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Maternal health is a social issue, a racial issue, and an economic issue.

Business Innovation Factory

"At BIF we believe in solving the hardest problems first, so we unbundled and leveraged everything we've learned over 15 years about imagining and designing human-centered business models and unleashing personal agency to improve learning and wellbeing outcomes. We didn't start with the question, how can we improve today's healthcare system... We started with the question: 'Can we imagine a new model in service of empowering women at the core to improve their own personal maternal health and wellbeing?' ", said Kaplan.

The conceptual design process resulted in LunaYou, a maternal wellbeing program to empower women with access to a wellbeing coach, and to the information, skills and social connections to improve her wellbeing, all by remote access. 

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LunaYou: A maternal wellbeing program designed for you (mothers).

With the conceptual model in hand, BIF was ready to take the idea off of the whiteboard and into the real world and to build a working prototype of LunaYou, hiring their first Wellbeing Coach and developing a low-fidelity app to enable women to visualize a real-time flow of her own self-reported maternal wellbeing information for seven indicators including blood pressure, steps, sleep, personal empowerment, stress levels, social support, and everyday equity.  Kaplan and his team planned to prototype the model starting at a small scale (25 women) in their home state of Rhode Island before developing a plan to commercialize LunaYou nationally. BIF had just started recruiting and enrolling the first women for our LunaYou prototype and then overnight everything changed when COVID-19 hit. 

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US Maternal Health Crisis After Coronavirus Hit

Kaplan estimate that about 950,000 women will give birth in the US in the next 90 days right in the midst of the COVID-19 crisis (2,500 in Rhode Island) with about half of them covered by Medicaid, putting them at even higher risk of experiencing a life-threatening complication. As soon as the crisis hit BIF, started hearing questions from women, a lot of questions, as COVID-19 began to dominate the airwaves. Every day as the crisis intensifies pregnant women are getting increasingly worried about their chances of experiencing a safe pregnancy and delivery.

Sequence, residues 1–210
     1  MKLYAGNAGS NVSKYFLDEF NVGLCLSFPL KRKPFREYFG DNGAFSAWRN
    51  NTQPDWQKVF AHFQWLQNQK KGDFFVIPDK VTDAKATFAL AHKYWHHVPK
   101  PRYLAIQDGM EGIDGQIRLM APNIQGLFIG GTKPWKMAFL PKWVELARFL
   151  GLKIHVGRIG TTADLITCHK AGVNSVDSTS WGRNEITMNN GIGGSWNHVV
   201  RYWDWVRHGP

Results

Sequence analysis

Women are hearing stories about hospitals across the US restricting access to the delivery room, forcing them to give birth alone. Prenatal office visits and birth classes are being canceled. Rising anxiety and stress levels are through the roof. Women, we're talking to, especially women on Medicaid with higher-risk pregnancies, are beyond frightened right now. It makes us cry to hear their anguish. 

In response to the crisis BIF immediately reimagined its prototype assumptions and plan. Kaplan knew they needed to wrap a circle of support around as many pregnant women as they could, now. Kaplan also knew that any plans for in-person convenings and group meetings were out. Everything had to be delivered on-line. BIF decided to expand the scale of our prototype in Rhode Island from the 25 women they had planned to enroll to offering free online wellbeing support to every pregnant woman in Rhode Island covered by Medicaid (about 1,250 with a due date in the next 90 days) since they face the greatest maternal health risk during the COVID-19 crisis.   

"Our pre-COVID-19 plan was to complete the prototype this year, capture learnings and then build out the scalable version of LunaYou so we would be ready to commercialize nationally to all women in 2021. In response to coronavirus we've begun aggressively planning for scale now and are in discussions with potential partners to help develop and fund the next version of our LunaYou platform which is on our critical path to launch nationally," said Kaplan. 

While the COVID-19 crisis is still in its early stages, BIF is already supporting women remotely and is motivated to scale as quickly as resources and capabilities allow. "Our team is exhausted but we all feel as if we're rising to the crisis as long as we are helping as many women as we can every day, starting in our own community. I'm sure our assumptions will change many more times before the crisis is over and we will continue to learn and adapt on the same log scale as the coronavirus," Kaplan. 

Transformation Lessons Learned From the COVID-19 Crisis 

We're all on a steep learning curve about what it really means to go from tweaks to transformation during the COVID-19 crisis. It's still early but here are Kaplan's 15 leadership lessons for any leader having to transform their organization in the midst of this terrible crisis.

  1. We can all be innovators in a crisis. 
  2. Unleashing personal agency is the new imperative. 
  3. It's not an innovation until it solves a problem in the real world. 
  4. Stop waiting for leaders to act. Make personal networks more purposeful. 
  5. The best solutions emerge bottom-up, not top-down 
  6. Work and live-out-loud. Stories heal and enable the emotional connections needed to transform.
  7. Methodologies and protocols are merely guides. Flexibility and adaptability are essential in a crisis. 
  8. Innovation isn't always about inventing something new. It's about flexibly recombining what we already have. 
  9. Less thinking, more doing. Try more stuff. Experiment every day. 
  10. Don't start by asking, who pays? Lead with value creation and the money will follow.
  11. You can't analyze your way to transformation, it's a generative act 
  12. Empathy and genuine human emotional connection is possible on-line 
  13. Catalyze something bigger than yourself. Help someone less privileged. 
  14. Unbundle superpowers from the straight-jacket of how things worked before the crisis
  15. Digital transformation can and must be equitable and inclusive. It's up to us. 

We are experiencing a crisis unlike anything we can relate to or make sense of. It is disrupting everything and everybody. People are hurting all around us. Small acts of kindness make an enormous difference. If you know a woman who is pregnant now, reach out to her just to ask her how she is doing. Pregnancy isn't a disease and wellbeing really matters. We can all help. 

This article was co-authored by Saul Kaplan. You can learn more about Saul Kaplan, BIF, and support for LunaYou here.